The rising popularity of cooking programs and online videos proves that an activity many people consider drudgery has become a popular spectator sport, best-selling author Michael Pollan writes in his most recent book, Cooked: A Natural History of Transformation. Pollan points out that Americans now spend an average of 27 minutes per day preparing meals, less time than it takes to watch most cooking programs. “There are now millions of people who spend more time watching food being cooked on television than they spend actually cooking it themselves.”

JULIA CHILDS MAKES BOEUF BOURGUIGNON


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DIY Videos: Want an oven? ‘Simple Nick’ simply shares his wisdom

This entry is part 4 of 5 in the series Do It Yourself Videos

A Note from Dr. Wayne Baker: This week, welcome back columnist Terry Gallagher.

DIY Videos Simple Nick shows how to make a tandoor ovenDespite the basic production values and far-out subject matter, homemade how-to videos are not only entertaining, but often very useful.

One reader of this week’s series mentioned to me that he learned to make a tandoori oven from clay pots via YouTube videos.

I’m not sure which one he relied on—there are lots out there—but this one by “Simple Nick” seems typical. Nick seems genuinely interested in offering backyard cooks an inexpensive way to make special meals involving just a few minutes work. And, Nick appears to have made this helpful video with no other ulterior motive.

A lot of the how-to videos you find on the web are not made with such altruistic motives. Online segments from the PBS series This Old House, for example, subject viewers to scads of ads and product pitches all over the screen. And other creators of the how-to videos can take advantage of the YouTube Partner Program, which “allows creators to monetize content on YouTube through a variety of ways including advertisements, paid subscriptions, and merchandise,” according to their site.

It does seem, though, that many of helpful videos are created out of simple generosity, the desire to share something useful with other people.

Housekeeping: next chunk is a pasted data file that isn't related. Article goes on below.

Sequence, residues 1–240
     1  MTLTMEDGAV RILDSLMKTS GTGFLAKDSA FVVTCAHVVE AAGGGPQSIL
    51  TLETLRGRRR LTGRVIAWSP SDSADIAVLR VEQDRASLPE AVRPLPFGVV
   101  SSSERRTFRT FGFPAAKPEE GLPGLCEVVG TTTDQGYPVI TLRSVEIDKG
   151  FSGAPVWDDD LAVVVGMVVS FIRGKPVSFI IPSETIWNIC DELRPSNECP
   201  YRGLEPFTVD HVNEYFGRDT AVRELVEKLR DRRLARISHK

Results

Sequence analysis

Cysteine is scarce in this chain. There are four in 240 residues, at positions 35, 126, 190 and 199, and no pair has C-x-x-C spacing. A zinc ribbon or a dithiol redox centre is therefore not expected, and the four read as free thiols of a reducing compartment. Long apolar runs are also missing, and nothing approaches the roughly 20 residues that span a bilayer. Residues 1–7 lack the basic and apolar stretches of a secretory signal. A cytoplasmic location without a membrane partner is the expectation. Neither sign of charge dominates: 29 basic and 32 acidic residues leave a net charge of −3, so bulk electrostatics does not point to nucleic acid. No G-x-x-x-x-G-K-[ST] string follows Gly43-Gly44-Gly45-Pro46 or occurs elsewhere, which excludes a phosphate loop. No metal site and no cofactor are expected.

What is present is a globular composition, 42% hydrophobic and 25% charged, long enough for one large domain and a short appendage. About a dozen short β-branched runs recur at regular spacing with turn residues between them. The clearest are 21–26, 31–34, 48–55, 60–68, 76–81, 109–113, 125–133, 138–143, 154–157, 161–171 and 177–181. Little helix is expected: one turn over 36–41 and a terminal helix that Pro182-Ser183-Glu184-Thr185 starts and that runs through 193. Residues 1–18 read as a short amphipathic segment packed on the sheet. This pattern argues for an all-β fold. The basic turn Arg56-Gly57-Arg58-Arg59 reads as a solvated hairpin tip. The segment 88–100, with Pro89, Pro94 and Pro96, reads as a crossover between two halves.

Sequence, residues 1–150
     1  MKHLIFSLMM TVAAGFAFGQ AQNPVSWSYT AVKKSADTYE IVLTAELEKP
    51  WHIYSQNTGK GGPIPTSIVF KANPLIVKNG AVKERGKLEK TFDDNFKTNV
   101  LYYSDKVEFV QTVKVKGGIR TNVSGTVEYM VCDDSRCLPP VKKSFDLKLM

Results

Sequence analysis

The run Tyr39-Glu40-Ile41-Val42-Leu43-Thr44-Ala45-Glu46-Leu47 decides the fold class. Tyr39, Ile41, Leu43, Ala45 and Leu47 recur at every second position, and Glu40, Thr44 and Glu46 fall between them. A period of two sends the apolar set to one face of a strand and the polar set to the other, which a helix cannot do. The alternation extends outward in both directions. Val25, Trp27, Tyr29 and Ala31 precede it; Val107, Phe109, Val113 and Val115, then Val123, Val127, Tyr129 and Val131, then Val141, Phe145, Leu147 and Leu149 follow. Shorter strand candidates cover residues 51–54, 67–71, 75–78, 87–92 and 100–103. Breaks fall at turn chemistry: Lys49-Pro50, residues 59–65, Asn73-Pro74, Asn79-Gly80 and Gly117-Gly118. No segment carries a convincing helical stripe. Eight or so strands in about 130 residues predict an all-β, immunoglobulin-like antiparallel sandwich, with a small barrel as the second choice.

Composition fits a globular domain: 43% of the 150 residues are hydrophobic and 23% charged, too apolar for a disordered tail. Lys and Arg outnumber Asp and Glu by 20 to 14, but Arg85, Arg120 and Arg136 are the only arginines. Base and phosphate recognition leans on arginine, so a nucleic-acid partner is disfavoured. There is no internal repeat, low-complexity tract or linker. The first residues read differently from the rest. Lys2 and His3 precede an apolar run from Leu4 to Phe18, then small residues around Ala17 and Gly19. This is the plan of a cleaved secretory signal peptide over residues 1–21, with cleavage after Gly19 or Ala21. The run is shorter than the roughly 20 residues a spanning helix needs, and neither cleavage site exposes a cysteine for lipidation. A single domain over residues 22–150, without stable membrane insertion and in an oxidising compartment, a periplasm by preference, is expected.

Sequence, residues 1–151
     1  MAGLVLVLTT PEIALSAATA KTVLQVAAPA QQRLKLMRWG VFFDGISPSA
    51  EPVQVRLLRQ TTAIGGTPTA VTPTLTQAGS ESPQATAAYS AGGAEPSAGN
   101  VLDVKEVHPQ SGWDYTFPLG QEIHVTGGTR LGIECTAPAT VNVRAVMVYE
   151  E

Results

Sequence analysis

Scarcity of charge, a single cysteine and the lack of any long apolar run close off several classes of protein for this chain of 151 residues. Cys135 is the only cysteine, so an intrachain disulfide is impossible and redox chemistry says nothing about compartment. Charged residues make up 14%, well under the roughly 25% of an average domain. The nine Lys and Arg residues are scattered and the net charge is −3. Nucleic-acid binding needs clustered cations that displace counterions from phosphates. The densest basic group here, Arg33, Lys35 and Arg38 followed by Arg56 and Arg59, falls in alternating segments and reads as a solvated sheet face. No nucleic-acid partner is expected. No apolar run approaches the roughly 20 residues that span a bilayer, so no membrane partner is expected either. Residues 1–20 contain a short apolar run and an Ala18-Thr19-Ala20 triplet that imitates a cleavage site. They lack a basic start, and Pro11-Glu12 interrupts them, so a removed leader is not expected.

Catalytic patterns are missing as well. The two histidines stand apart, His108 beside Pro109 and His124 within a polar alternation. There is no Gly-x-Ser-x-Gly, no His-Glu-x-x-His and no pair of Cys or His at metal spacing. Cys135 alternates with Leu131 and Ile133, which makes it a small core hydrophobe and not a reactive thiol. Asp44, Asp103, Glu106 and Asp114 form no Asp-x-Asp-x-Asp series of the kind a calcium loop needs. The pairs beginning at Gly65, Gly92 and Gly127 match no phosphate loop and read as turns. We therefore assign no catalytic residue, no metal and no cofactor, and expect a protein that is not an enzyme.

One of my classically educated friends says this desire to share what you know with people in the dark is the same impulse that led the Greek god Prometheus to steal fire from Mt. Olympus and bring it to shivering humans.

Stealing fire makes sense when you think of Simple Nick and his home-made tandoori oven.

SIMPLE NICK: MAKING A TANDOOR OVEN

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What are the best DIY tips for making the best DIY videos?

This entry is part 5 of 5 in the series Do It Yourself Videos

Dawn Wells potato peeling videoA Note from Dr. Wayne Baker: This week, welcome back columnist Terry Gallagher.

Yesterday morning, I was talking with a friend about how easy it is to find useful how-to videos on the web. She mentioned a favorite, showing the perfect way to peel boiled potatoes for salad. It took me a few seconds to find this fun one, featuring (surprise!) Dawn Wells, who played Mary Ann on Gilligan’s Island.

What if I wanted to make my own how-to video? Well, first, I’d search for advice showing me how. And as you might expect, I’d be in luck; there are dozens of YouTube videos out there, plus listicles offering tips on how to make better videos.

I’m intrigued by the 10 tips (and dozens of sub-tips) provided by Videomaker, the website created by Matt York who has been teaching people how to make better independent films since the days of Super-8! One of Matt’s online editors, Jennifer O’Rourke, wrote this list of DIY tips, including: use a script and avoid rambling, make it as short as possible, remember to use closeups on important steps in a process and even consider making money on your productions.

Of course, many of the people creating and sharing these videos don’t seem to be interested in profiting from them.

Their real motives might be related to one of the ten core American values that Wayne Baker has written about here and in his book, United America: self-reliance. These videos clearly encourage us to be more self-reliant, to fix our own appliances and our own meals.

But self-reliance isn’t an absolute value, Baker says. “Our strength as a nation comes from the balance of individualism and community.”

Don’t the best of these home-made videos seem like the kind of advice you’d get from a clever and helpful neighbor over the back fence? Aren’t many of the people who create these videos just like that neighbor, making their own generous contribution to building a stronger community, all over the world?

DAWN WELLS POTATO PEELING VIDEO

REALLY INTO DIY VIDEOS? WATCH THIS!

The Videomaker column I recommended (above) goes over general tips for anyone planning to make a DIY video. This next 8-minute video digs into the range of equipment you might want to consider if you’re wanting to do some serious DIY videomaking.

SHARE YOUR THOUGHTS: You can read more than 100 of Terry Gallagher’s past columns by clicking on this link. And Please, we always invite you to comment (below) or to share this column on Facebook (use the blue-“f” icons).